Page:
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28 posts from November 2007

Who Needs a Pricey iPod? Not Me!

Mw3337I'm a big fan of the Creative Labs family of MP3 players.  My 40-gig Creative player is now 3 or 4 years old and works as well as the day I bought it.  My son has one too and my daughters both have Flash RAM models that they absolutely love.

I found myself in the local Apple store recently and was enamored with the iPod touch product.  Very cool, but I couldn't see myself taking that $300+ device out with me while I mow the lawn, for example.  (On a related note, I asked a co-worker this week if he is an Apple fan.  He said he must be, because his family owns 4 iPods, but then he also noted that 3 of the 4 are broken...)

I've been thinking about getting a smaller player that fits in my shirt pocket but I hate it that all the Flash-based ones have such limited capacity.  I keep wishing someone would include an SD card slot to address this issue.  Yeah, I know...the manufacturers want us to feel the need to upgrade from 2 gigs to 4, 4 gigs to 8, etc.

My wish came true this week.  Fry's is selling a 1-gig player with an SD slot from GPX for $19.99.  Yes, that's right.  $19.99.  This thing is as ugly as the iPod is beautiful, but I don't care.  I'm not going to sit around staring at it all day.  I just want it to produce great sound.  And boy, does it ever!

I loaded it up last night and then stopped back by Fry's this morning to pick up the first of 2 or 3 2-gig SD cards (on sale for $14.99).  I plan to load them up with different genres of music so I can just pop one in to fit my mood, press "random" and enjoy my wonderfully inexpensive solution.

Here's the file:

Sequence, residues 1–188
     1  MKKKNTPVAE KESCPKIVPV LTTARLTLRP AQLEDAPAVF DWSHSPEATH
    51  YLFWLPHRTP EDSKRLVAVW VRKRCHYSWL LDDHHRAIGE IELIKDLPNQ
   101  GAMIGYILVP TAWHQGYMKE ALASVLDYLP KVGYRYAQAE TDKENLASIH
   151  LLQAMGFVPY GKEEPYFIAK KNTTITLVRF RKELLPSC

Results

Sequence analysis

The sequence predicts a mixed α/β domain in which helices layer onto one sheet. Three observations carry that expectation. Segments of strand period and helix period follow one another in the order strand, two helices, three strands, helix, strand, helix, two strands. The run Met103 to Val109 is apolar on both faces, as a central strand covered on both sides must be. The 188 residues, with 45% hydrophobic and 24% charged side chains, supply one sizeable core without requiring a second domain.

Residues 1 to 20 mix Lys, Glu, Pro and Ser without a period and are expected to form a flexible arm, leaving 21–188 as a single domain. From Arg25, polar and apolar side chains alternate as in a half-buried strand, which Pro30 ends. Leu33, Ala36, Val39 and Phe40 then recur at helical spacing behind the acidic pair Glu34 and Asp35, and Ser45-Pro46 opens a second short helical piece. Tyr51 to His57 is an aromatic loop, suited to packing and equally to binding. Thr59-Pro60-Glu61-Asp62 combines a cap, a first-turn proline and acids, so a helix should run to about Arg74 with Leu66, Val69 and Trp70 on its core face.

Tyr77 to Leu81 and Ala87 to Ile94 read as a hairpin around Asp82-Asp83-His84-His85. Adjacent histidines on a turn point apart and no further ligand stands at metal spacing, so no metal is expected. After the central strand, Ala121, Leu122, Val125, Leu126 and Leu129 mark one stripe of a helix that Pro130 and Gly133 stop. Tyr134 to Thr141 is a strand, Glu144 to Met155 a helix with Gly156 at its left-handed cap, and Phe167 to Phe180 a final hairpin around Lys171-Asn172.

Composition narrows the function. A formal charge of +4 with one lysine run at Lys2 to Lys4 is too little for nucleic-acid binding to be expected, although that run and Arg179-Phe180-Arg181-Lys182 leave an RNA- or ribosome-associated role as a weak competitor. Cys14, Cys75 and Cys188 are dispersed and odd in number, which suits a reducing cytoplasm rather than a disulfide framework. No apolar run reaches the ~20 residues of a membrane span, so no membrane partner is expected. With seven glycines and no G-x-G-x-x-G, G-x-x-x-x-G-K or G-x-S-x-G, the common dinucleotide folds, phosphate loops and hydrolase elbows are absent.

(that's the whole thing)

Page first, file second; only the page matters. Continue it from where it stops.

If I buy 2 more cards I will have invested $65 plus tax and probably won't need to buy another device for another 3 or 4 years, depending on how long this one lasts.  Heck, even if it only lasts a year, for $20, how could I possibly complain?!

A Self-Publishing Cautionary Tale Indeed

Books2Despite the fact that I work for a large publishing house I'd like to think that I've always been fair and balanced, as Fox would say, about my assessment of the self-publishing world.  Given the right circumstances, elf-publishing, print-on-demand and other related services are viable options.

This article in The Wall Street Journal is a nice reminder that an option only becomes viable once you do all your homework on it though.  Yikes, what was this fellow thinking?  Ordering 15K copies of a book, having them stored in his garage, not lining up endorsements, distribution, etc., in advance...  What's even more amazing is that he's going back for more with an audiobook edition and a commitment to stay "in it for the long haul."  Here's to hoping he does all the necessary research for the audio side before another truck backs up to his garage with 15K clamshells full of CDs.

Thanks to reader Jeff Lash for sending this one my way.  Btw, as I mentioned to Jeff via e-mail, I have a subscription to the WSJ's online service and I didn't catch this article till he sent it to me.  Call me crazy but I'm finding that the blogs and other non-mainstream RSS feeds I follow closely are providing me with so much information that I'm starting to ignore the commercial sites/feeds.  No wonder Rupert Murdoch wants to attract a wider audience and make the WSJ online a free service...

"Print is Dead" Interview with Author Jeff Gomez